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Employees are navigating a perfect storm this winter

Published: 14/12/2022

As the UK continues to face the fall-out of the pandemic, low productivity levels and a cost of living crisis, employers will play a crucial role in supporting the health and wellbeing of staff over the coming months, writes Vitality at Work Director, Jill Pritchard.

The pandemic was a watershed moment for the way we work in the UK, catalysing shifts such as remote and hybrid working, changing employee expectations as well as driving greater awareness of the importance of health and wellbeing.

As we continue to grapple with the fallout from the pandemic and with the country now heading into recession amid a worsening cost-of-living crisis, strong economic headwinds and a shrinking workforce, employees are likely to find themselves navigating a perfect storm this winter.

The recent publication of our 2022 data for Britain’s Healthiest Workplace, the UK’s largest employee wellbeing survey, paints a detailed picture of the state of the British workforce today. Uniquely this year, the results also give us an insight into the impact of many of the changes brought on as a result of the pandemic.

As well allowing us to assess the health and wellbeing challenges faced by UK workers, the research and associated awards also serve to highlight the opportunities that exist for businesses to drive positive change and offer meaningful support for their employees, at a time when it is more needed than ever. 

“As the UK enters a perfect storm of pressures facing employees this winter, there has never been a more important time to place health and wellbeing on the business agenda,”

- Jill Pritchard, Vitality at Work Director

Health and wellbeing impacting productivity

Whilst good health and wellbeing is clearly important to individual employees, there are also wider economic imperatives for why this needs to be on the agenda. According to the latest Britain’s Healthiest Workplace findings productivity losses are up 39% since the previous survey in 2019 – an economic cost to the UK of around £30bn.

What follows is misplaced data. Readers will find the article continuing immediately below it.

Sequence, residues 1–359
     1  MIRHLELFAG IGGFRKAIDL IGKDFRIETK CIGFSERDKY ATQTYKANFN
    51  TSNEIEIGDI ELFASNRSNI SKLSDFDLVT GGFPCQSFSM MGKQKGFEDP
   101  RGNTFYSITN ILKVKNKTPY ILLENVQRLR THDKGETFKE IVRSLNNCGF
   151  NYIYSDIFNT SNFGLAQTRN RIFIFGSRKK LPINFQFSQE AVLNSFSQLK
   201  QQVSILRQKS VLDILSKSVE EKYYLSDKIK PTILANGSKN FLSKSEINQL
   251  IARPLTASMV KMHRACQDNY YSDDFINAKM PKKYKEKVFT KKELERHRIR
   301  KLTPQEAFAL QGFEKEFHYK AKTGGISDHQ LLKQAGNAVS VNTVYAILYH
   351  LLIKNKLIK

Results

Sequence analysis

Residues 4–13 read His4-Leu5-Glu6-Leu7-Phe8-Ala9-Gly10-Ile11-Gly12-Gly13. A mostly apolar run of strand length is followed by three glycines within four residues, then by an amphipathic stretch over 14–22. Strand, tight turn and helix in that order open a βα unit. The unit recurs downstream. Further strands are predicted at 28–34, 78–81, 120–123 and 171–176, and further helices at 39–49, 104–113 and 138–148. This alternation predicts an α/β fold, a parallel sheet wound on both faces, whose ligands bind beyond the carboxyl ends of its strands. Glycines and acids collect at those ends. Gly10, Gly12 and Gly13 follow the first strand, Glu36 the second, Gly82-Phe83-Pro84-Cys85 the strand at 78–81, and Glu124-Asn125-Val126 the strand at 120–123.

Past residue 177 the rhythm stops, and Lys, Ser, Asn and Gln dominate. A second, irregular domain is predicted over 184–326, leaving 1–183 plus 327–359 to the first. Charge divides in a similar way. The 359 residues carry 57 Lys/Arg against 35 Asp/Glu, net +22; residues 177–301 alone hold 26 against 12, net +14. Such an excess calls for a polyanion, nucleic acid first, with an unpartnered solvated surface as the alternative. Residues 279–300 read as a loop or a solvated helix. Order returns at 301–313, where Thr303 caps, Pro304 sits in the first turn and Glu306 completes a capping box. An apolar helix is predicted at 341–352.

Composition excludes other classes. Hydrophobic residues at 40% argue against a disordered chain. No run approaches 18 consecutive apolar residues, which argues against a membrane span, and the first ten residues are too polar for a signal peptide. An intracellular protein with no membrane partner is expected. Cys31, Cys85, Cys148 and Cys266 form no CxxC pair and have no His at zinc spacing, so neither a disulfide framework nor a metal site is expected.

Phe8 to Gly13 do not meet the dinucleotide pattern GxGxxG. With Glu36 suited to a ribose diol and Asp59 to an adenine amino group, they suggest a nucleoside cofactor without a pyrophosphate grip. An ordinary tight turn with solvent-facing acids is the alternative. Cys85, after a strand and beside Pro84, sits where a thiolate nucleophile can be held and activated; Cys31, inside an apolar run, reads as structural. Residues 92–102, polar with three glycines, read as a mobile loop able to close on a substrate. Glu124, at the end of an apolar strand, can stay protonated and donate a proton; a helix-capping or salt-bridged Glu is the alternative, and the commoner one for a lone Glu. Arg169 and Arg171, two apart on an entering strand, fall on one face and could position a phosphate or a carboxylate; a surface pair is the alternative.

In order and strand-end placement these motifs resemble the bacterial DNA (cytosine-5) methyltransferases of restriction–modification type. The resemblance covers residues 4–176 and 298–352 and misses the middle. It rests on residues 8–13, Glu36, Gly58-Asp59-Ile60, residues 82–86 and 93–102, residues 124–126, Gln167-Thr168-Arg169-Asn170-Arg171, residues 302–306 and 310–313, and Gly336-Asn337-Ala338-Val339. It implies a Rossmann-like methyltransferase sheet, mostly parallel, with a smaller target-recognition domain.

Health issues are a significant reason for the UK’s poor levels of productivity and shrinking workforce, one of the factors impacting growth. One in five of respondents to our survey indicated they were suffering from burnout, typically losing 93 productive days as a result. Meanwhile, 10% of respondents reported symptoms of depression, impacting their productivity even more at 110 productive days lost on average per year, double the productivity loss compared to those not at risk.

Driving change

While the outlook may appear gloomy, businesses can be at the forefront of driving change through placing a greater emphasis on employee health and wellbeing. Understanding what measures actually work, though, is clearly crucial and they should be more than just a sticking plaster.

Staff health and wellbeing is an issue that needs to be addressed at both management and board level and one that requires serious attention, more so than ever. According to the latest Britain’s Healthiest Workplace findings productivity losses are up 39% since the previous survey in 2019 – an economic cost to the UK of around £30bn.

All this can play into conversations that employers of all sizes are having around meeting organisational environmental, social and governance (ESG) standards. Whilst much of the focus has tended to be on environmental issues, employee health can form a key component of a business’s ‘social’ ESG strategies.

Those who do provide sufficient health and wellbeing support will be able to offer a tangible demonstration that they’re looking after their people at a time when it’s needed the most. This is not only good for staff, but it can also provide obvious benefits to the business too and help society, by making people healthier, more productive and easing our national health burden.